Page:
If you’re an employee, you need to keep an eagle eye on what is being contributed by your employer to your super fund (SMSF or APRA fund) and how that plays in with your own salary sacrifice strategy. See Salary sacrificing’s traps for what to look out for with employers and their contributions.
Planning this properly requires plenty of work. Ideally, it should be managed all year round. But for many, managing contributions towards the end of the financial year (from April onwards) will be required.
Plan ahead for your pension/TTR strategies
Pensions are what superannuation is all about. It’s the end game. And plenty of Eureka Report’s readers will be within striking distance of turning on a pension from their SMSF or regular super fund.
Planning for your pension should start several years earlier. Sure, you’re always planning to make the most of your super, but in the last five years – if you’re that far away – before you retire, you need to start paying even more attention.
Going a little harder on your salary sacrifice strategies, holding off selling some big profits until after the pension is turned on, in-specie transfer of assets into your SMSF and transferring cash into super as non-concessional contributions are just four of the things that you should be considering in the final five or so years before the pension is turned on.
Get professional advice
You can’t know everything, and only a fool would think that they do. And the consequences of getting things wrong in your SMSF can be horrendously costly.
If you need help with aspects of your SMSF, pay for some advice, preferably before you make any big changes or commit yourself to particular investments.
There is a range of professionals – including accountants, financial advisers, lawyers, mortgage brokers and auditors – who can give advice, depending on their qualifications, to assist you with running your super fund. And some will charge by the hour for consultations, without requiring long, ongoing relationships.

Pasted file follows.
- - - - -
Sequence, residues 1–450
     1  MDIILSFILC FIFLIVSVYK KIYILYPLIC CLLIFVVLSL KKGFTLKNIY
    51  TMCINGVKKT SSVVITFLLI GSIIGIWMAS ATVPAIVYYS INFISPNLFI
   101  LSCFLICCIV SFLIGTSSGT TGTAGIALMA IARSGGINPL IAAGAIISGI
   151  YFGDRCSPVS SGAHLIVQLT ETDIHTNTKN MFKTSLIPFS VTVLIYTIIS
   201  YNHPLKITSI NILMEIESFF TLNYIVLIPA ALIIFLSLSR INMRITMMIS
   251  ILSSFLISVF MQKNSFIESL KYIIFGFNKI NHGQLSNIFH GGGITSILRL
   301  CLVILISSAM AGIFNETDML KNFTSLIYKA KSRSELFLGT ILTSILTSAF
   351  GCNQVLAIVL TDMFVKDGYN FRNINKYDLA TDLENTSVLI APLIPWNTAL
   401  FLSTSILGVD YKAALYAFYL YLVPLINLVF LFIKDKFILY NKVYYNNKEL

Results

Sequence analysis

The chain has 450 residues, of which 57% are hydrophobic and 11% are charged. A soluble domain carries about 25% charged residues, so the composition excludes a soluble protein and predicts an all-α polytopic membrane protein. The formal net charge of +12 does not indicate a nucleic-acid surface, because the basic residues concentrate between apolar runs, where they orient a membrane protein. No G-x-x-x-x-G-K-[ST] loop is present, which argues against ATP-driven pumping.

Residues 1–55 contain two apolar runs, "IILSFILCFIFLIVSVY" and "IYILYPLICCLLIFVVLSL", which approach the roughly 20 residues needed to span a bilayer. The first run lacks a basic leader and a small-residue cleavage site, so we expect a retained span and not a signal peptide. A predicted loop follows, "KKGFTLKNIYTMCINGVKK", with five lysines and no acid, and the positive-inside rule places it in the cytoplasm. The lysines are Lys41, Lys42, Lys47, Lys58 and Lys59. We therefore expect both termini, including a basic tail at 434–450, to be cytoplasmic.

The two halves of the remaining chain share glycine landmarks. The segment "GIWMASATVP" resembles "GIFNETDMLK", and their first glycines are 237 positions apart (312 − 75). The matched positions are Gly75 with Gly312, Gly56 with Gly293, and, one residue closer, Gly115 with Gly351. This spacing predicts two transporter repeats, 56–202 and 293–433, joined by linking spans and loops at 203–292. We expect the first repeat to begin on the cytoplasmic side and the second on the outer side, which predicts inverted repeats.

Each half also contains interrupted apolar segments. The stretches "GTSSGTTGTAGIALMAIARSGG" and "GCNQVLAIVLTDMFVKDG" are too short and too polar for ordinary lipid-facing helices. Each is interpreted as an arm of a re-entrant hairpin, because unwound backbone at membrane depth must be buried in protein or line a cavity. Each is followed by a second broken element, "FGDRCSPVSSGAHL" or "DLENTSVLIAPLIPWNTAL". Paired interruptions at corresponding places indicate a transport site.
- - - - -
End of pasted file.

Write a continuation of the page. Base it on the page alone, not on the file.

A bill for a few hours of a professional’s time could save you many, many times that.
The information contained in this column should be treated as general advice only. It has not taken anyone’s specific circumstances into account. If you are considering a strategy such as those mentioned here, you are strongly advised to consult your adviser/s, as some of the strategies used in these columns are extremely complex and require high-level technical compliance.
- The SMSF sector was the only superannuation division to increase its member numbers for 2012-13, according to the Australian Prudential Regulation Authority’s (APRA) annual superannuation statistics released last week. While all other superannuation sectors reported a slight decrease, the number of SMSFs grew by 7.1% to 509,362 funds. However, the data also showed industry fund assets increased by the most at 21.5%, while small funds (which include SMSFS) grew by 15.5%.
- The SMSF Professionals’ Association of Australia (SPAA) has labelled the $10,200 penalty on non-profit superannuation fund Media Super by ASIC as a “warning shot” to super funds about public commentary on SMSFs, as comparisons between them is an “apples and oranges approach”. The corporate regulator had fined Media Super for making comments that it found to be “potentially misleading” as they “inaccurately represented the costs and benefits of the Media Super funds compared to SMSFs”.
- SMSFs are set to benefit from the scrapping of Labour’s SMSF changes, says Middletons Securities principal David Middleton. Middletons told SMSF Adviser that with the new government shelving the plans – which he said were always going to be hard to implement – the superannuation system will remain generous for SMSF trustees.